IOdetector: a generic service for indoor outdoor detection

This paper aims to provide a service for the smartphone to detect whether it is currently outdoor, semi-outdoor, indoor. The application of this service is to automatically and in "an energy-efficient manner" detect when the phone should not even bother activating the GPS for an app because the phone is indoor or semi-outdoor and the GPS error will be big, and it would not justify the energy wasted by the GPS. The service uses three modalities: light signal, cellular signal, magnetic field signal. Also secondarily, acceleration and proximity & time (to sanitize light readings) are employed. These are all very low energy sensors. The light detector accounts for day or night, and can detect indoor fluorescent lighting. The cellular signal detector uses signal from multiple celltowers to avoid the corner-turning effect. However, each subdetector cannot completely classify the three types (indoor, outdoor, semi), so they fuse these subdetectors employing the confidence results provided by them.

Musical Heart : A hearty way to listen to music

It is a proven fact that music has profound effect on human heart rates. Some music calms, some music gets you worked up. This work presents a biofeedback-based context-aware music recommendation app for smartphones, MusicalHeart. This app requires its own special sensor equipped earphones to achieve the biofeedback part. More specifically, there is an IMU (inertial measurement unit) and a microphone embedded in the headphone. The microphone is used for heart-rate detection (requires some filtering), and the IMU for activity detection (employs k-means clustering). These sensors communicates to the smartphone app via the audio jack, and they are powered by a thin film battery. In addition to the sensors in the headphone MusicalHeart app also uses phone GPS and WAP information for context detection.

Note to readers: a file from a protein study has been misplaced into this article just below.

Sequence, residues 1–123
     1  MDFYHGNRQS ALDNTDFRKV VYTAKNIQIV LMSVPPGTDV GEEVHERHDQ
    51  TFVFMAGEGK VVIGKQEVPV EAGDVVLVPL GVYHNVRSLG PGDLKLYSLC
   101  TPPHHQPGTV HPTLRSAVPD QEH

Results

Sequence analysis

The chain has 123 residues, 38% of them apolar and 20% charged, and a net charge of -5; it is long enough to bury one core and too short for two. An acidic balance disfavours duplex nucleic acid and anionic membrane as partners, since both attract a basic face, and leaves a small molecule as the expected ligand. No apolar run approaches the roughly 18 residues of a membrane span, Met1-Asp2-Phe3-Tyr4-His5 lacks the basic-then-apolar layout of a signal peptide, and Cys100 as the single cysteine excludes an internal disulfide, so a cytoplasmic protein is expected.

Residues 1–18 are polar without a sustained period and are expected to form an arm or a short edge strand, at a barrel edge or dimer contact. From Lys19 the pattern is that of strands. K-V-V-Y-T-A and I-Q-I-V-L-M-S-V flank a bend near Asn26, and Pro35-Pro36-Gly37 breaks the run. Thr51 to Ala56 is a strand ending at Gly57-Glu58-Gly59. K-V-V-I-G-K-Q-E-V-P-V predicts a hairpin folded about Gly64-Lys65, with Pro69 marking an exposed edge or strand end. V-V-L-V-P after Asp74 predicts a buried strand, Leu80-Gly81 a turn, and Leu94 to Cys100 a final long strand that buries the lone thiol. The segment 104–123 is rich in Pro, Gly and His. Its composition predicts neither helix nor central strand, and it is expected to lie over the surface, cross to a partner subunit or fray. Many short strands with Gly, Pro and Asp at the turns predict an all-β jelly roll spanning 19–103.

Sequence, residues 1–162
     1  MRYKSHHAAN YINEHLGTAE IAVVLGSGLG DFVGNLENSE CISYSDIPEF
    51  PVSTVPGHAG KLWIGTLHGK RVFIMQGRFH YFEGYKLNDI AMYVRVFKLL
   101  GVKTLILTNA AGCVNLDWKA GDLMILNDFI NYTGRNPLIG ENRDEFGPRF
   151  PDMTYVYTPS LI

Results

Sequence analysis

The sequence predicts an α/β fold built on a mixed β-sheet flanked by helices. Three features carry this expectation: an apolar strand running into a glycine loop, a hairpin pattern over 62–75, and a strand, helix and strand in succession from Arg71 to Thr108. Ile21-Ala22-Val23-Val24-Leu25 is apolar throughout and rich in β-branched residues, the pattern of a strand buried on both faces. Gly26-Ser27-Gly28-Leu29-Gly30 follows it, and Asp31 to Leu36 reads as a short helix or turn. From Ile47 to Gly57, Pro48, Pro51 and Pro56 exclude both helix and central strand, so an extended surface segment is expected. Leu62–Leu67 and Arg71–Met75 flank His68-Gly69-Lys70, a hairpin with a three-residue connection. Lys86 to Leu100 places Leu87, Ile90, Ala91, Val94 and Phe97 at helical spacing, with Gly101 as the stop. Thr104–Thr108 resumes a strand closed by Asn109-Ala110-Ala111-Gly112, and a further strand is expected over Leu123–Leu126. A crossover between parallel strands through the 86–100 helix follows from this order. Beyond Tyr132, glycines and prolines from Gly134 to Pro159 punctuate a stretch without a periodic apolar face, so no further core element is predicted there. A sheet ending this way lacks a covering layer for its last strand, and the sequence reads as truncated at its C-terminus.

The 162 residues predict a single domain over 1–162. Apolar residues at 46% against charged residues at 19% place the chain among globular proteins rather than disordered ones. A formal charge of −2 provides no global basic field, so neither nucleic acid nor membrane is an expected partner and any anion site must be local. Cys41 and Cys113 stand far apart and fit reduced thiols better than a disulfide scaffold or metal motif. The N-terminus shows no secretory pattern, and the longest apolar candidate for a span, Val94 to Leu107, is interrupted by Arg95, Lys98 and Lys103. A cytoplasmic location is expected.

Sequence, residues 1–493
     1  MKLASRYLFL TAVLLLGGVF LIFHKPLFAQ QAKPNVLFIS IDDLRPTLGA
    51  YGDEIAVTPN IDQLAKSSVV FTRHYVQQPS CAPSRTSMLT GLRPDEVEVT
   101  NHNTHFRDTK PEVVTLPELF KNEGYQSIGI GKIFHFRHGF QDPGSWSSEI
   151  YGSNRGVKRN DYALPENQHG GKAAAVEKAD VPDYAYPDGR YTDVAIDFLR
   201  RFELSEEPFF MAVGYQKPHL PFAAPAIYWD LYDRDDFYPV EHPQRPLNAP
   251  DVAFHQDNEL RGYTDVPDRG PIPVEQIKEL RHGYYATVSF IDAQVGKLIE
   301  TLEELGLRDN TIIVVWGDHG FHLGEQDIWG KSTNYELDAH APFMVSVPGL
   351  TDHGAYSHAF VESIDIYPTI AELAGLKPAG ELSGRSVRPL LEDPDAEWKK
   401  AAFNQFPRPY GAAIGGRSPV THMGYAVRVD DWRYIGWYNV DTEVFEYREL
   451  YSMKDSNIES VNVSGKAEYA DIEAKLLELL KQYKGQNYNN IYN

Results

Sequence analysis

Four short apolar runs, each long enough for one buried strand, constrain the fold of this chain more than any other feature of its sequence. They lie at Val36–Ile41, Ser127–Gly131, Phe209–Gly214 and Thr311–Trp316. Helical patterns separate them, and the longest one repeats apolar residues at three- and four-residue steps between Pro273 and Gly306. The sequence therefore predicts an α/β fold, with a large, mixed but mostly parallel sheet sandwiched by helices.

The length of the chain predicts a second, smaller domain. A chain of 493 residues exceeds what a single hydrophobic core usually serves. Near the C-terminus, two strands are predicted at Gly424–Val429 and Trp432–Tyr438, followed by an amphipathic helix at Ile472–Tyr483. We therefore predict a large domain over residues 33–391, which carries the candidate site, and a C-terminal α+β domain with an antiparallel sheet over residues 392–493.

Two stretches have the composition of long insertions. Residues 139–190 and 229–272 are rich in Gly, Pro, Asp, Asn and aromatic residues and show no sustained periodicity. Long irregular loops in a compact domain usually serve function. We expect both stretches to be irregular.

MusicalHeart detects what type of activity you are doing (light L1, medium L2, high-level L3) and plays you the "appropriate" music to try to get your heart-rate into the suggested/desired heartbeats per second. The speaker claimed that there is a desired/suggested heartbeat for activity levels, and this is documented in the medical literature. (I am hearing about this the first time.) So, MusicalHeart "custom"-selects a song to fill in the gap between the desired heartrate for your activity and your current detected heart rate. It may use a fast song to increase your heartrate or a slow song to slow your heart rate. Of course things are not that simple. Actually three different features are considered for each song; tempo, pitch, energy. Increase in energy increases your heart-rate more effectively for L1 activities, and increase in tempo increases your heart-rate more effectively for L3 activities. The "custom" part of MusicalHeart is because the app learns over time what kind of music work better on you for the desired effects. The work was evaluated with an empirical study over 37 volunteers. I am still skeptical about if any song can slow my heart rate at L3. I will try this at the demo Thursday (today). Yes, several of the papers below also appear in the demo session so the audience can try if they work as advertised.

The Banquet

The conference banquet was held at the CN tower (the very tall thin tower that is the symbol of Toronto). This banquet is up there for me with the Mobicom'11 banquet. The CN tower was a very interesting and exciting venue to have the banquet. Especially with the glass floor!